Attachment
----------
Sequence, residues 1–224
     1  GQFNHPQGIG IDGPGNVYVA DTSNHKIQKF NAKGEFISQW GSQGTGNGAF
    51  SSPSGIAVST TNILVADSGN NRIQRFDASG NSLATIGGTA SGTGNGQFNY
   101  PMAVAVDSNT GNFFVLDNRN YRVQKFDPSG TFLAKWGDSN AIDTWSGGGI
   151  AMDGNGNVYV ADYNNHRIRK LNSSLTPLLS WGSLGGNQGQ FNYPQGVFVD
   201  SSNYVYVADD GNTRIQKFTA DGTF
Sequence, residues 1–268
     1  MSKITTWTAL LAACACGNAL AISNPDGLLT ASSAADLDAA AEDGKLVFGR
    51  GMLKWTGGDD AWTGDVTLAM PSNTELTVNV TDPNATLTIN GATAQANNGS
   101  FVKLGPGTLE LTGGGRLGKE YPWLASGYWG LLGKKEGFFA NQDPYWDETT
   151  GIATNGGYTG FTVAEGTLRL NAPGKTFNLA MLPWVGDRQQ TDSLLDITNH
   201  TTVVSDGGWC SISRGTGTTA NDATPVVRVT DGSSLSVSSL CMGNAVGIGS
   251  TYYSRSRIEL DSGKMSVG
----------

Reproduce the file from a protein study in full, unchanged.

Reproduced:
Sequence, residues 1–224
     1  GQFNHPQGIG IDGPGNVYVA DTSNHKIQKF NAKGEFISQW GSQGTGNGAF
    51  SSPSGIAVST TNILVADSGN NRIQRFDASG NSLATIGGTA SGTGNGQFNY
   101  PMAVAVDSNT GNFFVLDNRN YRVQKFDPSG TFLAKWGDSN AIDTWSGGGI
   151  AMDGNGNVYV ADYNNHRIRK LNSSLTPLLS WGSLGGNQGQ FNYPQGVFVD
   201  SSNYVYVADD GNTRIQKFTA DGTF
Sequence, residues 1–268
     1  MSKITTWTAL LAACACGNAL AISNPDGLLT ASSAADLDAA AEDGKLVFGR
    51  GMLKWTGGDD AWTGDVTLAM PSNTELTVNV TDPNATLTIN GATAQANNGS
   101  FVKLGPGTLE LTGGGRLGKE YPWLASGYWG LLGKKEGFFA NQDPYWDETT
   151  GIATNGGYTG FTVAEGTLRL NAPGKTFNLA MLPWVGDRQQ TDSLLDITNH
   201  TTVVSDGGWC SISRGTGTTA NDATPVVRVT DGSSLSVSSL CMGNAVGIGS
   251  TYYSRSRIEL DSGKMSVG